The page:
INMATES who broke out when their jail was damaged by Hurricane Irma have left the largest British Virgin island Tortola at risk of a ‘complete breakdown of law and order’.
The more than 100 ‘very serious prisoners’ have added to the danger of theft and looting after the storm unleashed destruction and food shortages, Commonwealth minister Sir Alan Duncan told MPs.
He said Royal Marines had been sent in to protect the governor of the islands and ‘everything about law and order’ — as stranded holidaymakers warned Irma survivors are ‘turning feral’.
Claudia Knight, 33, who runs a school on Tortola, said no one there was leaving home unarmed.
Her partner Leo Whitting, 38, remained on the island after she left for the UK with her toddler daughter before the storm struck.
‘You can’t drive your car without a weapon,’ she said. ‘It’s turning really nasty. Leo carries a knife.’
Sir Alan said the British troops had managed to keep a lid on the unrest.
‘We’ve been able significantly to reinforce the Marines,’ he said.
‘So we have maintained and kept law and order on the British Virgin Islands, which at one point could have dramatically threatened the already unfortunate plight of those hit by the hurricane.’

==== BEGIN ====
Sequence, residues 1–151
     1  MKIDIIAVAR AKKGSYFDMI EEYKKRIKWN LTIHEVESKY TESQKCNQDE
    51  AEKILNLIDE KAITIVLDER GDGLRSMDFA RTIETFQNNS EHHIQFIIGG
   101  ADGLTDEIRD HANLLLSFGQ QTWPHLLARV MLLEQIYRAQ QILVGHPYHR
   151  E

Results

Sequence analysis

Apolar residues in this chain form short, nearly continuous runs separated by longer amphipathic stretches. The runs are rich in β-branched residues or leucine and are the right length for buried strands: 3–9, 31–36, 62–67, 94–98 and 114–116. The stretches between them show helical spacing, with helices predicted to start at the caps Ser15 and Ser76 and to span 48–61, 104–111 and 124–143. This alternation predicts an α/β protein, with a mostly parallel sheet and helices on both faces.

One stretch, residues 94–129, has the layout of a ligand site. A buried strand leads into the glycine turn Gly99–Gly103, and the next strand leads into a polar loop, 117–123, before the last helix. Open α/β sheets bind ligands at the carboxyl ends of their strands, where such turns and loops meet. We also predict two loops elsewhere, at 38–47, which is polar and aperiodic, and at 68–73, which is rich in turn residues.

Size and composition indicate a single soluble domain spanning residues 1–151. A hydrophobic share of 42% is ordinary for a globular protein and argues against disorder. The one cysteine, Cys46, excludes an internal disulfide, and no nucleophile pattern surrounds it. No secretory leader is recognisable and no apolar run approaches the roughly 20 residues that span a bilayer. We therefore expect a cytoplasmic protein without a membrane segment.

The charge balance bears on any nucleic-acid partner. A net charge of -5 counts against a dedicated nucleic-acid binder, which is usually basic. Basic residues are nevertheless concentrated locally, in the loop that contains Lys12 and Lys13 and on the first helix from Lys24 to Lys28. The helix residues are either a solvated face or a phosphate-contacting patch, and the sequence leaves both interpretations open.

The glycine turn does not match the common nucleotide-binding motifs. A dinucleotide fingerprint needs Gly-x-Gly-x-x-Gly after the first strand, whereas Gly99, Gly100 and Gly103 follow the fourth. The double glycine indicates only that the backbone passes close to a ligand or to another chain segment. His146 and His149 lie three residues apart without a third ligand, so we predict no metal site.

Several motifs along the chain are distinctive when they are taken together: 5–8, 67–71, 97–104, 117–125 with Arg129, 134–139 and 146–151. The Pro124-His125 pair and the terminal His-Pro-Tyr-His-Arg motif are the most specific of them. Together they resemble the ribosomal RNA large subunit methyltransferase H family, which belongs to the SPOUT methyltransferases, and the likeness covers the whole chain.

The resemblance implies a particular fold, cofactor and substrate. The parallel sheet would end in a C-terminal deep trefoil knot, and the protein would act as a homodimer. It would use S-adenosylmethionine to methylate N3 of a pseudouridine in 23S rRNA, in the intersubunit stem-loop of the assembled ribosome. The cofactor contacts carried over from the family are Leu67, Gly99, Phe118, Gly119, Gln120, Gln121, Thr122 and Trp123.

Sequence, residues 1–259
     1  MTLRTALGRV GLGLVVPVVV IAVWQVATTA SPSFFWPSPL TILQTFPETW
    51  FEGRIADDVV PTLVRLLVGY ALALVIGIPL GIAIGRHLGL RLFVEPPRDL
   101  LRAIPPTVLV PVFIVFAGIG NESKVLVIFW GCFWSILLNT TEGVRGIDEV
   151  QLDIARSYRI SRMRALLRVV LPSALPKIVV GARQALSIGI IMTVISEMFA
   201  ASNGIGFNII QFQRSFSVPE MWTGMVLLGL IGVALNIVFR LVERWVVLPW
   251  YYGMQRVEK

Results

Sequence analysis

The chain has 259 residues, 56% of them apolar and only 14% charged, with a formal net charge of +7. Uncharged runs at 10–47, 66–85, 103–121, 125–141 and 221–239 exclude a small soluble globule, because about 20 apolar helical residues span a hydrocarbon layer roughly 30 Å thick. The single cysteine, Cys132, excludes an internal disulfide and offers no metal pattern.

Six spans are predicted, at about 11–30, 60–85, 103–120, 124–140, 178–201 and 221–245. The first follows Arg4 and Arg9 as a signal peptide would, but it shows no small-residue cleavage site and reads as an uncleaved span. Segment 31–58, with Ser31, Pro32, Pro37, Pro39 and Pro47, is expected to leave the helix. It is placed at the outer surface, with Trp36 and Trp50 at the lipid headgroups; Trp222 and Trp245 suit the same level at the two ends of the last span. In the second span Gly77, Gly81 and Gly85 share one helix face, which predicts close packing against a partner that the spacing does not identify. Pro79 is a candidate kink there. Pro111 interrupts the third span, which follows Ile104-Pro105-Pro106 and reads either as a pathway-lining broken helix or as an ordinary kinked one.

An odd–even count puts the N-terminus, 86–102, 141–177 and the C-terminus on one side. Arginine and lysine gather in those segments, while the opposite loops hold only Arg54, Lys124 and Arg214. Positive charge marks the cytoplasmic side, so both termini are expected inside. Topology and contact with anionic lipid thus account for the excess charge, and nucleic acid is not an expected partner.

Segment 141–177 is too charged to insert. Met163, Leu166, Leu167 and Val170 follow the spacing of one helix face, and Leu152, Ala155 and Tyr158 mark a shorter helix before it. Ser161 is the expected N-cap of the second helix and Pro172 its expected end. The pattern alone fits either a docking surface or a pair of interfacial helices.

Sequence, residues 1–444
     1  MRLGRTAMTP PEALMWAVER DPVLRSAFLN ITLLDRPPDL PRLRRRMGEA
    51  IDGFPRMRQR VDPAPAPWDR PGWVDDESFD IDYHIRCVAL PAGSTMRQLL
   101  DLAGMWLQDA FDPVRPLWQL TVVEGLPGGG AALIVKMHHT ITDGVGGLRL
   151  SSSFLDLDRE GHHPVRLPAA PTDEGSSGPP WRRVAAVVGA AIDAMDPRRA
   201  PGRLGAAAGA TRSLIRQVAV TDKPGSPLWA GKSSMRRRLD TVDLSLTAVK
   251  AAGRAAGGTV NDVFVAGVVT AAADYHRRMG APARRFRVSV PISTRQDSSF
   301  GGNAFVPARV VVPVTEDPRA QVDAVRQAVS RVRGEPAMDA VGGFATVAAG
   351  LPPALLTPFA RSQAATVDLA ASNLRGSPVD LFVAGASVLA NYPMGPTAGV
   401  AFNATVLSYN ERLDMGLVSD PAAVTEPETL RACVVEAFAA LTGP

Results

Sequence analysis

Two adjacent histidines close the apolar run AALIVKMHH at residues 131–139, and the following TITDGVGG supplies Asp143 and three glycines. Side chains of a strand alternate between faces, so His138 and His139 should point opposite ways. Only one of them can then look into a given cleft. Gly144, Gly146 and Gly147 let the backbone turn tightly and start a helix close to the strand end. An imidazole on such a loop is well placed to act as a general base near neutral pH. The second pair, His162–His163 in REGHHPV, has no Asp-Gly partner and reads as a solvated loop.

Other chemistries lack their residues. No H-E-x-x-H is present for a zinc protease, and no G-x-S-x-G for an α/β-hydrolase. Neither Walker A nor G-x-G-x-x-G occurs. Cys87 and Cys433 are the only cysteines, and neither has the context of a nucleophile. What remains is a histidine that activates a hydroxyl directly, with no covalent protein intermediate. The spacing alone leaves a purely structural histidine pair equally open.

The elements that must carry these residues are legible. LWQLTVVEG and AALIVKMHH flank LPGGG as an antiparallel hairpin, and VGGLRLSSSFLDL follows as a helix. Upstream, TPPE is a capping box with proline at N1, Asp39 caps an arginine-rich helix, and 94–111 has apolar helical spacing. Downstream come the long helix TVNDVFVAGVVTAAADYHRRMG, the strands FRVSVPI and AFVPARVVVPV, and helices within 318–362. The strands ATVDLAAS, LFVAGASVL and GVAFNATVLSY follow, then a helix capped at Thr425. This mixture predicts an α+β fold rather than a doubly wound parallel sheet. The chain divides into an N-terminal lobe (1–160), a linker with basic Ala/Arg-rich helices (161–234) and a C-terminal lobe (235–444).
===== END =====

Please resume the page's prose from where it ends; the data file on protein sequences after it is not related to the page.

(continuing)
Sir Alan said his principal focus was on helping the 80,000 British citizens in the islands and neighbouring UK territories the Turks and Caicos Islands and Anguilla.
Nearly 1,000 UK service personnel and 40 tons of aid have arrived in the Caribbean, while 700 more troops are on their way on a ship from Gibraltar.
Sir Alan said 80 British tourists were on Dutch-French island St Martin, where 600 ‘delinquents’, some carrying machetes, were looting homes and shops.
St Martin resident Jacques Charbonnier said: ‘All the food is gone. People are fighting in the streets for what is left.’
Bar boss Massimiliano Napoliello said: ‘There are criminals carrying guns and knives shooting all over.’